Dual national academics warn US travel ban will harm research

Some scholars are already planning to boycott conferences and meetings in the US in response to Donald Trump’s executive order

January 30, 2017
demonstration on January 29, 2017 in Seattle, Washington, against Trump's executive order banning Muslims from certain countries.
Source: Getty
Fighting back: the executive order has been described as ‘bordering on racism’

British-Iranian academics have spoken of their “shock and horror” in response to Donald Trump’s ban on travellers from seven Muslim-majority countries, warning that it will harm research collaborations, while some scholars are already planning to boycott the US.

The US president signed an executive order on 27 January imposing an immediate 90-day ban on visitors from Iran, Iraq, Libya, Somalia, Sudan, Syria and Yemen from entering the US.

Although the UK government’s foreign office said on Sunday that UK dual nationals should not be affected, academics who were born in one of the seven countries are concerned that it will prevent them travelling to the US for meetings and conferences and may harm their research.

Ali Mobasheri, professor of musculoskeletal physiology at the University of Surrey, who was born in Iran but only holds a British passport, said that he is due to be inaugurated as president-elect of the Osteoarthritis Research Society International (OARSI) in Las Vegas in April, at the society’s annual world congress, but he is concerned that he will be unable to get a visa or be turned away at the airport because of his background.

Professor Mobasheri also has plans to attend a meeting in Boston in October.

Since December 2015, foreigners who had visited certain Muslim-majority countries, including Iran, in the past five years or held dual citizenship from one of those countries have had to apply for a visa.

“There’s a lot of uncertainty,” he said. “We all reacted with shock and horror to the news. I have been going quite freely and happily to the US dozens and dozens of times over the past 20 years.”

He added that Dutch and Canadian colleagues in the OARSI, who are not affected by the ban, have already mentioned the possibility of “boycotting the US meeting” in order to “send a strong message” against the treatment of those from Muslim backgrounds. 

“If policies like this become law and are enforced, then a lot of international societies won’t hold meetings in the US,” he said.

Arshin Adib-Moghaddam, professor in global thought and comparative philosophies at Soas, University of London, who has an Iranian background, said that he is due to undertake a lecture tour of the US later this year about his forthcoming book Psycho-nationalism, which is about the current politics of xenophobia and division. But he said he will cancel the tour if “the current situation prevails”.

“I will not expose myself to a belligerent, xenophobic and uneducated political context in the United States. I think this executive order anti-cultural and discriminatory, bordering on racism,” he said.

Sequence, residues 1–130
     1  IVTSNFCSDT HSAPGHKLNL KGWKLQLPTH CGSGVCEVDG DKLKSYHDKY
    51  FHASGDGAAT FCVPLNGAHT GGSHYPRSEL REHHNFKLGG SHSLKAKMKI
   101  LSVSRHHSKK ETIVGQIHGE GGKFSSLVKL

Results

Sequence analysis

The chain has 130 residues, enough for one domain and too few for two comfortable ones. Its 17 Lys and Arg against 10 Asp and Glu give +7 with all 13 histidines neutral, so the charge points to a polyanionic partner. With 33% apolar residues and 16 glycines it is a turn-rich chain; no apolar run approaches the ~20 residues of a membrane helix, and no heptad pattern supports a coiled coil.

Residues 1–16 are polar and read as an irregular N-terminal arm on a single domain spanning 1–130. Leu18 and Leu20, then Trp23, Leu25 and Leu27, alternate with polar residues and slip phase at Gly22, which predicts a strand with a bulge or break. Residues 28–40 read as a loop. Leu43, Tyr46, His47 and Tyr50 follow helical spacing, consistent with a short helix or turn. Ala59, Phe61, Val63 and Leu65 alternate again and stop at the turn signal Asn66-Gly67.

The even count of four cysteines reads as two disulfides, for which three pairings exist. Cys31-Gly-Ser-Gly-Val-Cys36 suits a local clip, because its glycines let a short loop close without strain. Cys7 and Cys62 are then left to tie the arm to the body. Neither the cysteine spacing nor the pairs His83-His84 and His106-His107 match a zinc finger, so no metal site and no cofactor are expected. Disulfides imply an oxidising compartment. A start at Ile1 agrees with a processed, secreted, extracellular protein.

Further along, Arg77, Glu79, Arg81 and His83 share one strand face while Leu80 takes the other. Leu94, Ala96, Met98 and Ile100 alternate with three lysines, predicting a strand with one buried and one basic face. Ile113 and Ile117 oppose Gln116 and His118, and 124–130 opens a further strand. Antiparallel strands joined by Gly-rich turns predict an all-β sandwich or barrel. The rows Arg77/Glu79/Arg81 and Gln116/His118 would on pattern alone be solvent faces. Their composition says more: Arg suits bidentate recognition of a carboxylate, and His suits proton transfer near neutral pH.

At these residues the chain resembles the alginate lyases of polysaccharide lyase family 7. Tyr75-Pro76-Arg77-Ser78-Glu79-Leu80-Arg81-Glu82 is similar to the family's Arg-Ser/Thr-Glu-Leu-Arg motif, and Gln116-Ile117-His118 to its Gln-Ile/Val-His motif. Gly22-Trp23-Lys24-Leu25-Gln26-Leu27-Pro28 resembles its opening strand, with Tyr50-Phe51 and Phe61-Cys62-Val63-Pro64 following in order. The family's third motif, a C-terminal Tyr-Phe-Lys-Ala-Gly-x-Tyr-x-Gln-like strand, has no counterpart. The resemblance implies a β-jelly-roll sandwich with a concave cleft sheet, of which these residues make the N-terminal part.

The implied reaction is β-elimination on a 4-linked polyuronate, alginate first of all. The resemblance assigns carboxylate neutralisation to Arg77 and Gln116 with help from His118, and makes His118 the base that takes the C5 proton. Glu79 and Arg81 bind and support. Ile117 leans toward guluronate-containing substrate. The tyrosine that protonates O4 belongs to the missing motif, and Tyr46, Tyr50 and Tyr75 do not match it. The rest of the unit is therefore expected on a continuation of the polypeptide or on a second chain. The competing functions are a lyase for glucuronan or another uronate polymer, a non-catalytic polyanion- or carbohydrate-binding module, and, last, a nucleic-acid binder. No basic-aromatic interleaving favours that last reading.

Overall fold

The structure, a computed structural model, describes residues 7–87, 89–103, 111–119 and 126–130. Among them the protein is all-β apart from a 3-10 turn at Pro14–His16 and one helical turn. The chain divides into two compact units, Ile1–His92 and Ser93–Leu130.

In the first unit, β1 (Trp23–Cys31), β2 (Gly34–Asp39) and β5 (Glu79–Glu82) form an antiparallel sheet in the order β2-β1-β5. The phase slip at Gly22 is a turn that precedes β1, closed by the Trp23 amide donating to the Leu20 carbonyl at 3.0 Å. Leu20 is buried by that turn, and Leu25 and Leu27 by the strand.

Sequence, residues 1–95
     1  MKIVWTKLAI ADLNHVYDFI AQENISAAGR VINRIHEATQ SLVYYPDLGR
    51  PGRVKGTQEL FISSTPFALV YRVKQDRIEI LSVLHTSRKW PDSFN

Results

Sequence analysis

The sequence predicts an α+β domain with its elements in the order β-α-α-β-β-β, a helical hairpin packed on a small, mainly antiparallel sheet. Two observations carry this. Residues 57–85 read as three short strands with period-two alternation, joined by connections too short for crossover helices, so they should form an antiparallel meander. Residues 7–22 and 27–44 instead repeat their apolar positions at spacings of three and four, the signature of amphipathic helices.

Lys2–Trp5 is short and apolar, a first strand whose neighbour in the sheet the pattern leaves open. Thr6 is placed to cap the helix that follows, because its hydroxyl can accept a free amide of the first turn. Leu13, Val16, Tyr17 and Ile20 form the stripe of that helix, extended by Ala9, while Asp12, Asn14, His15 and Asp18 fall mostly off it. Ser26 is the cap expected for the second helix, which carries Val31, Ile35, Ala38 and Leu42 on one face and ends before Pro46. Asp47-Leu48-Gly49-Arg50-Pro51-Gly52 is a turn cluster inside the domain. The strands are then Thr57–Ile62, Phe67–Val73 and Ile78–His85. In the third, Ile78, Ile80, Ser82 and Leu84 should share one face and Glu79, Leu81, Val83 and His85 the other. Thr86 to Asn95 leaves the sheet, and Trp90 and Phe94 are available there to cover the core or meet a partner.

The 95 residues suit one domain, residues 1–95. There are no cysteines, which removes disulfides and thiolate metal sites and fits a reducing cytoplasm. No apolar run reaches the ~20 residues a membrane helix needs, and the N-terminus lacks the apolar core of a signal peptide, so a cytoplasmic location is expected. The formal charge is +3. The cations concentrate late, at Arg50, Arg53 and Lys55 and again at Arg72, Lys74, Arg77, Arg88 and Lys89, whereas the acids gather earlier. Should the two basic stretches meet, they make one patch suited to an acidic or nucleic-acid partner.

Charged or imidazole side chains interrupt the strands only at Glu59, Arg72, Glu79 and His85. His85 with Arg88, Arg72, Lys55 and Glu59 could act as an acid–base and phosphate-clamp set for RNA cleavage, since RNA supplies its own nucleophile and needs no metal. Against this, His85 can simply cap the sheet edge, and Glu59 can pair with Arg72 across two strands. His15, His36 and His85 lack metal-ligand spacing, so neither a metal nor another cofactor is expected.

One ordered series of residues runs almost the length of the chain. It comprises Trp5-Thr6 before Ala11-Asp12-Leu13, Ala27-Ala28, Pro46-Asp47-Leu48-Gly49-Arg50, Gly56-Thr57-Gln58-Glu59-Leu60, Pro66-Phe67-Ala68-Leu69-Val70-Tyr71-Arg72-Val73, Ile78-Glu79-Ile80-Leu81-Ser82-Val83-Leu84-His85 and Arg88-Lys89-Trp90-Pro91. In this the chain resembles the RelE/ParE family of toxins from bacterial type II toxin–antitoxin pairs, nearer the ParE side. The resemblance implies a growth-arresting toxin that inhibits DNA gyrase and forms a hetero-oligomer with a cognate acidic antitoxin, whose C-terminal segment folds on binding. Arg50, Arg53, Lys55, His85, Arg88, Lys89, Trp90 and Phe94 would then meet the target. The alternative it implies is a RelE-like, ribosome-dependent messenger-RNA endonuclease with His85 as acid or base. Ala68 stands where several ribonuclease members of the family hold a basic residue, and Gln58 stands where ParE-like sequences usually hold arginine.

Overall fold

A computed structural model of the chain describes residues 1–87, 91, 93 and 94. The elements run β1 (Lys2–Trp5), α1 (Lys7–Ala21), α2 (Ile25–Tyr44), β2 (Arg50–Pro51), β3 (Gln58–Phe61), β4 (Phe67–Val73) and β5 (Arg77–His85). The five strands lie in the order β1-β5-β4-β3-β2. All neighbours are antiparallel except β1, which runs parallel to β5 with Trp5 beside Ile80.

Abbas Edalat, professor in computer science and maths at Imperial College London, who has dual British and Iranian nationality, said that he stopped submitting research papers to US conferences last year owing to the visa restriction but added that Mr Trump’s order will make more dual national academics “think twice” before visiting the US, as visa applications will be subject to “more vetting”.

“Often, you have to organise to travel with a few days’ or a few weeks’ [notice] so there is no time to apply three months before to get a visa,” he said.

Last week, Michael Eisen, a geneticist at the University of California, Berkeley and co-founder of the Public Library of Science (Plos) journals, announced that he will run for the US Senate in 2018, in order to bring a scientific voice to politics.

At the time of going to press, more than 4,000 academics, including 25 Nobel laureates, had signed a petition calling on Mr Trump to reconsider his order.

ellie.bothwell@tesglobal.com

You've reached your article limit.

Register to continue

Registration is free and only takes a moment. Once registered you can read a total of 3 articles each month, plus:

  • Sign up for the editor's highlights
  • Receive World University Rankings news first
  • Get job alerts, shortlist jobs and save job searches
  • Participate in reader discussions and post comments
Register

Reader's comments (2)

To make the point clear: if you are involved with a conference that is scheduled to take place in the United States, try asking them if they would like to be hosted in a civilised country where academic freedom is respected as well as declining to attend if it remains in its planned location.
Don't believe everything you read in the newspapers of hear on the BBC. The suspension - not a ban - has been applied to seven countries where vetting visa applicants is made very difficult by civil unrest or terrorism. It has nothing explicitly to do with Muslims other than most of the countries do have Muslim majorities. Other Muslim countries are unaffected. Also unaffected are anyone with dual citizenship, at least one of which is not from the seven affected countries. I am simply bewildered why any intelligent person doesn't understand these basic facts and hasn't seen past the false media reporting of the issue.

Have your say

Log in or register to post comments